by Lisa Tome
Randy Ciurlino will work for food.
Ciurlino, of Chesapeake City, works three hours a week and then takes home a bushel share of fresh produce at the end of the day.
"I'm a diabetic. I get a week's worth of vegetables with greens and stuff. I hated greens before I came to work here," said Ciurlino. "In the stores, God knows how long it (produce) has been out of the ground. Here, I harvest it and take it home the same day."
Ciurlino is a member of the Community Supported Agriculture (CSA) program at Priapi Gardens in Cecilton. A CSA allows people to pay up front, or work a specific number of hours in exchange for small or large size shares of what's grown. Bethany Tuthill, niece of Vic and Mary Priapi and a staffer at Priapi Gardens, explained the premise behind a CSA. She said it allows people to help a farmer fund getting crops in the ground. In exchange for their payment, they get a share of the harvest. In addition to being able to pick up at the farm, people can choose to pick up at other sites on specified days.
Priapi Gardens has offered CSA for seven years or longer.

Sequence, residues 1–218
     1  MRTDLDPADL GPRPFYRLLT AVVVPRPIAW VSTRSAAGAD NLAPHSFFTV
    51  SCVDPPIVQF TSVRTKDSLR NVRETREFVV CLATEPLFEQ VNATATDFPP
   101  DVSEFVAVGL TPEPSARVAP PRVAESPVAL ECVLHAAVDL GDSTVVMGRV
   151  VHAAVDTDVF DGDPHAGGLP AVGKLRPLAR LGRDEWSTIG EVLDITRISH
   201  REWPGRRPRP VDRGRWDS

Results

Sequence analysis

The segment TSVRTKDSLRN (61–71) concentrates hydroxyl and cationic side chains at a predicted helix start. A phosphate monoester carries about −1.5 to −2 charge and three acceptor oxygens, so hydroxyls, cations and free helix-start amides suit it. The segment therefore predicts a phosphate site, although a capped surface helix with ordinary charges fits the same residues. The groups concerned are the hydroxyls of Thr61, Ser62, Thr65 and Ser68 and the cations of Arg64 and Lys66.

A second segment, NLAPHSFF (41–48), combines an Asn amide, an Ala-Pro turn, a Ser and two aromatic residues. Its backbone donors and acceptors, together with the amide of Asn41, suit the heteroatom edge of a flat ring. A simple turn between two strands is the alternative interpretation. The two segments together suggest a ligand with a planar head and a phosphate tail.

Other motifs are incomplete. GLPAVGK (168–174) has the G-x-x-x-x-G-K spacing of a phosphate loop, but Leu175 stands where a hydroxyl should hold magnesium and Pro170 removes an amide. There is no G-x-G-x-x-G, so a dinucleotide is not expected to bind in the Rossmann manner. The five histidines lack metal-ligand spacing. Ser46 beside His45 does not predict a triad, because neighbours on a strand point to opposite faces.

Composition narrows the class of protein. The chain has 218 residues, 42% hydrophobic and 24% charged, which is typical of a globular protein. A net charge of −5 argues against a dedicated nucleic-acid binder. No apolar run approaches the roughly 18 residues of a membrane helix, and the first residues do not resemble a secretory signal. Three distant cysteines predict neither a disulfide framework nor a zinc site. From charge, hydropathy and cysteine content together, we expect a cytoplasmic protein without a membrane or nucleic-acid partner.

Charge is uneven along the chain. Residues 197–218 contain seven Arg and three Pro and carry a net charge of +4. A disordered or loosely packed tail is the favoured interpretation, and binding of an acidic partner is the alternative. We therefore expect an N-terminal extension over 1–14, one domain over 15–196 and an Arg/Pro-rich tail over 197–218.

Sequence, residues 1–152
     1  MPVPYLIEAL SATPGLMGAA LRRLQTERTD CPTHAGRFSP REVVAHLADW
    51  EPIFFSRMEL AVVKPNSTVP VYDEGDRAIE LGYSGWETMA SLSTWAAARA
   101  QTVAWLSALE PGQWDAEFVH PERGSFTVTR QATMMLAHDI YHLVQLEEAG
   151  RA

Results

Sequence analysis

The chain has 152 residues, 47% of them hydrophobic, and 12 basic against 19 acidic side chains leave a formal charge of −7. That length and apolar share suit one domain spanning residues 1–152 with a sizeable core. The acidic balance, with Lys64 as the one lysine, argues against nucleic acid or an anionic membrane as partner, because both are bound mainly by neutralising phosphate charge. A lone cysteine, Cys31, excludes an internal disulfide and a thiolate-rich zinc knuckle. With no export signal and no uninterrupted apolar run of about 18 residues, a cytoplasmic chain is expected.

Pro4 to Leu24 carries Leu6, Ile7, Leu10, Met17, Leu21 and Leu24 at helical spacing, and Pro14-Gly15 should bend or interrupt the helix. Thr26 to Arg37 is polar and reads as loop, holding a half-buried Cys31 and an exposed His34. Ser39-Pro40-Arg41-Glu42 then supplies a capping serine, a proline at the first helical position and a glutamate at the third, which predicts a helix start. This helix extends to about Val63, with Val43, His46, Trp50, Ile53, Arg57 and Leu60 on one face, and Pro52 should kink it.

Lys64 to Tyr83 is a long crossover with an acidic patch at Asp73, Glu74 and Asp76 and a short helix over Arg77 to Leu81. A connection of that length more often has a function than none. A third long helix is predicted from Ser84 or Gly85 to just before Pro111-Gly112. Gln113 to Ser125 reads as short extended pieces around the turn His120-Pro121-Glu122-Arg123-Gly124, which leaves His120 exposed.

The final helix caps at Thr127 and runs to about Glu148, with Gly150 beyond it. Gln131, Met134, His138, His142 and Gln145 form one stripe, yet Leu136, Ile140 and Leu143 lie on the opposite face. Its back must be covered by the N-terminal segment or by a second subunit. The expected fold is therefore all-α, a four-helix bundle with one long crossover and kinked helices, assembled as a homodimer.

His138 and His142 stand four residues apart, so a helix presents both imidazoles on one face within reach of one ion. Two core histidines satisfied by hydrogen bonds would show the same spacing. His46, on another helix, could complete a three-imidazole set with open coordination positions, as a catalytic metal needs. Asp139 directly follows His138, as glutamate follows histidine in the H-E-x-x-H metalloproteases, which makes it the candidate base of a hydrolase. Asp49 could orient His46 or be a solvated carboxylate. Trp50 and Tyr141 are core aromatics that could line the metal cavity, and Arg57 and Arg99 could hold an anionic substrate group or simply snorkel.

"We don't put anything in the boxes that we don't grow," said Tuthill. "What we're finding now is the word of mouth factor. We have a really great CSA and more people are joining. We have members that join year after year."
She also said that by joining, people have a closer connection with their food and where it comes from.
Judi Squire and her husband, Collier, have been working with the CSA since August. "The produce is great. You learn to eat a lot more greens," Judi Squire said. "It's fun to plant something and come back and see it in a week. You get surprised when you see it come up and see the fruits of our labor."
Cost for the summer CSA is $295 for a small share (family of 1-2) and $485 for a large share (family of 2-3). That harvest starts the first week of May and runs for 22 weeks. There is also a fall CSA which runs for 10 weeks.
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